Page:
James Burke recently presented at BYU, where I earned my undergrad degree, and thanks to my brother catching it, I was able to see a rebroadcast this past week. The presentation impressed me to where I feel compelled to share at least some of the ideas covered over a set of upcoming posts, followed by reactions to how Burke's presentation hit my various info architecture, constructivist education, and computer supported learning switches.
For those unfamiliar with his work, Burke was the mind and the voice behind the PBS series Connections, which focused on the connecting threads that led to some of the innovations that changed the world, however unlikely those connections may seem on the surface.
The BYU presentation appeared to cover topics from both his Staying Ahead and The Knowledge Web presentations. Seeking methods for predicting innovation and its secondary effects provided the primary focus of the presentation, and the Knowledge web provided a tool for making those predictions and fostering innovative, interdisciplinary thinking.
Predicting secondary effects
Burke presented the problem of predicting secondary effects by noting technologies whose secondary effects proved detrimental despite the high value we placed on their primary effects. Items like asbestos, thalidomide, chlorofluorocarbons, nuclear power, and carbon emitting machines were all invented and/or used with the intent of making our lives better. It was after adopting them that we discovered that asbestos fibers caused respitory illness and cancer, thalidomide caused birth defects and deformities, CFCs depleted stratospheric ozone, etc.
These secondary effects move beyond disciplinary barriers as well, as seen in one of the secondary effects of the invention of the stirrup in Afghanistan: the modern English language.
By adapting the medieval Afghani stirrup, the French enabled their horsemen to fight more effectively and defeat the Anglo-Saxon British in the battle of Hastings in 1066. French Norman rule over the British Isles brought changes to the language spoken in Britain, as the Anglo-Saxons sought to prove their refinement by learning the Anglo-Norman language of their French rulers. This contributed to the shift from Anglo-Saxon "Old English" to Middle English, which later developed further into the English we use today on either side of the pond.
Barriers to innovation
Our intellectual boxes
We would clearly have liked to avoid the unexpected problems associated with these and other technologies, or found the way to predict the problems before we encountered them. The problem is, these secondary effects aren't often visible to us until we adopt a technology. We see things from within the "box" of our current understanding, and it requires effort to see outside of it.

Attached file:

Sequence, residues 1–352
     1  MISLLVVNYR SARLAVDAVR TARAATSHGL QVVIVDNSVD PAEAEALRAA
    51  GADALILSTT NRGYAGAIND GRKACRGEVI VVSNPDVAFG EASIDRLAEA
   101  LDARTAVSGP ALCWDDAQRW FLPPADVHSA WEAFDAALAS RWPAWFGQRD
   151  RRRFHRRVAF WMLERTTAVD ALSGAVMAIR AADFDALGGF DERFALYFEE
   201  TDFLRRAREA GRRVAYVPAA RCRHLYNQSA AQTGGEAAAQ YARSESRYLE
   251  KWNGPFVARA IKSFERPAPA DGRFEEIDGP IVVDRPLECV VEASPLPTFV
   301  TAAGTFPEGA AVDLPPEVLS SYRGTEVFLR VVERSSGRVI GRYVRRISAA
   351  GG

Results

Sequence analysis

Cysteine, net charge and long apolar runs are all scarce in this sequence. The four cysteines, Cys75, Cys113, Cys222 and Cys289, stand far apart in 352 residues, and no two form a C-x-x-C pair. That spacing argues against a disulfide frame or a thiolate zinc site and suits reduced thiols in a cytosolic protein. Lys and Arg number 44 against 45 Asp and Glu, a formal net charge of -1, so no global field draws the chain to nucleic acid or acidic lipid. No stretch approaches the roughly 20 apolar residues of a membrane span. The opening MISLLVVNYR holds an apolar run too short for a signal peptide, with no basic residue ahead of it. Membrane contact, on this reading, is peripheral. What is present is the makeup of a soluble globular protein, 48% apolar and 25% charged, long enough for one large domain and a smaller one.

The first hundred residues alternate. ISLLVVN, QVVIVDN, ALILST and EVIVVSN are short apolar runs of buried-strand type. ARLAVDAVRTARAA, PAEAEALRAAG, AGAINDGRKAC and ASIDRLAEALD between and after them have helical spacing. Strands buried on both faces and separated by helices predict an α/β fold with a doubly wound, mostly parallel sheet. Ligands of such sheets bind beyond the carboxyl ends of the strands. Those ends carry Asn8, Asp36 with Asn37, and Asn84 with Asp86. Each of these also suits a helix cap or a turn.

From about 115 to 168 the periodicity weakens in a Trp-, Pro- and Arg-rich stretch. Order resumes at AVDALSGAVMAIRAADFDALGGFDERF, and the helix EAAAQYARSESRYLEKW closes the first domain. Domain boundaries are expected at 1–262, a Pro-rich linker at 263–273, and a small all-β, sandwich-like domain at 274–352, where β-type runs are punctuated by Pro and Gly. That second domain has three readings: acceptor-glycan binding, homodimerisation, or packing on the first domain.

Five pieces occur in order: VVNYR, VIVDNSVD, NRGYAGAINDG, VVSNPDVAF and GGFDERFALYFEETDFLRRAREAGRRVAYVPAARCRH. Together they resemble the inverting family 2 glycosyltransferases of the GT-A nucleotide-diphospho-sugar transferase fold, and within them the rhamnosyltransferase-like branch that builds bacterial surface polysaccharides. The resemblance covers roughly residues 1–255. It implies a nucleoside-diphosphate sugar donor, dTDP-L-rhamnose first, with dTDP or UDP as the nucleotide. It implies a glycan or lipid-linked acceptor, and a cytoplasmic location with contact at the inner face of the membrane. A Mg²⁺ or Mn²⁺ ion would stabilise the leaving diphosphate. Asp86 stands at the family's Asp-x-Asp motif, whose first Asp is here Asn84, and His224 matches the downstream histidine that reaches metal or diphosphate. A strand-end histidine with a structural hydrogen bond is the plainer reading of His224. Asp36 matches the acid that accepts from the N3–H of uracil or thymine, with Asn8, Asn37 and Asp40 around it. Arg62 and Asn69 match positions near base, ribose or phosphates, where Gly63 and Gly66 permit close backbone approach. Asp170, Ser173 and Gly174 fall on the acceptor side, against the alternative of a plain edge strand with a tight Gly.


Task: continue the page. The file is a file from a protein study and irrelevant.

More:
Burke points out that this can even be true in our hindsight, citing a story told about Ludwig Wittgenstein in a conversation on Copernicus.
Somebody apparently went up to [Wittgenstein] and remarked what a bunch of morons we in Europe must have been (800 years ago before Copernicus told us how the solar system works) to have looked up there and thought that what we were seeing was the sun going around the earth, when as any idiot knows the earth goes round the sun, and you don't have to be Einstein to understand that.
To which Wittgenstein is said to have replied... "But I wonder what it would have looked like if the sun had been going around the earth." The point being of course that it would have looked exactly the same.
What he was saying is that in any decision about what to do next, you're stuck with your view of things. If, as an astronomer, the contemporary paradigm says the universe is made of omlette, you make instruments looking for traces of intergalactic egg...
We're all in a box.
And incidentally, you're right. The box you're inside and the box I'm inside may be very different. So I may have trouble buying into how you see things from your box, and you may have trouble buying how I see things from mine.
In the end, we have to get over ourselves and our boxes or we'll paralyze our natural ability to connect ideas and innovate.